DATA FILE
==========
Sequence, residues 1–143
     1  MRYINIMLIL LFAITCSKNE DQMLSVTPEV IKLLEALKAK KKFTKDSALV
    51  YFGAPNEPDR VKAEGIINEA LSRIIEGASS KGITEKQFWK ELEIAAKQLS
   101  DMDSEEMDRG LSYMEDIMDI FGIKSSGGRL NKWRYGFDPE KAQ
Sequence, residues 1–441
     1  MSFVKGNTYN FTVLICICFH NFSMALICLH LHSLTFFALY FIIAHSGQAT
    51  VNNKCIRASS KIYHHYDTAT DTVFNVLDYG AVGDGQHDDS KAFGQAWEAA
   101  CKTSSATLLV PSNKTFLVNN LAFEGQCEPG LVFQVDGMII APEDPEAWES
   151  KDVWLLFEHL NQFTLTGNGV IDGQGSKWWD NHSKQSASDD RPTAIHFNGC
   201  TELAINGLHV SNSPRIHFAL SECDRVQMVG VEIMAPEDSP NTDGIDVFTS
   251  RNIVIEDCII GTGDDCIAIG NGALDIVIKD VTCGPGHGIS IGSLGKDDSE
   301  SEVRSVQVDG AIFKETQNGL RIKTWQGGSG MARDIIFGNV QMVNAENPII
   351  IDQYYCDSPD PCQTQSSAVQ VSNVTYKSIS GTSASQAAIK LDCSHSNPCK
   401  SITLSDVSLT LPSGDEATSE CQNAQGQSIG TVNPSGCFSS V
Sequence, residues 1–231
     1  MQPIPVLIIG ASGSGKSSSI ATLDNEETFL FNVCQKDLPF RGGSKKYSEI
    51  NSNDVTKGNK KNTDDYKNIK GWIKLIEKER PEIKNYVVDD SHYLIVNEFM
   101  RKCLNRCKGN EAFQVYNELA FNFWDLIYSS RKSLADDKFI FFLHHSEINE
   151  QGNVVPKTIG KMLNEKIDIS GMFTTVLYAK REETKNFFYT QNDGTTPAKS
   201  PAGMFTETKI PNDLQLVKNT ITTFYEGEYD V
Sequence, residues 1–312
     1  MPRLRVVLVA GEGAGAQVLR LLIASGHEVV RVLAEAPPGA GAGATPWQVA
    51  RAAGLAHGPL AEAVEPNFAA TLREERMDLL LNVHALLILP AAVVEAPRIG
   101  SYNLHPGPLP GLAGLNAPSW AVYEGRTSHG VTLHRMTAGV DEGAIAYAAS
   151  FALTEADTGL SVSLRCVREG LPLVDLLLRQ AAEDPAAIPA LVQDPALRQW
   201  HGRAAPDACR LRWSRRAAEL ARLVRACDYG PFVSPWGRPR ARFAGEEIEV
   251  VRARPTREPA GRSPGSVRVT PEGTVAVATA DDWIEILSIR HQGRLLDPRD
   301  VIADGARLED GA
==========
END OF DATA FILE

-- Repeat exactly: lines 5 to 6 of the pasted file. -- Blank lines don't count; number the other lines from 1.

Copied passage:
Sequence, residues 1–441
     1  MSFVKGNTYN FTVLICICFH NFSMALICLH LHSLTFFALY FIIAHSGQAT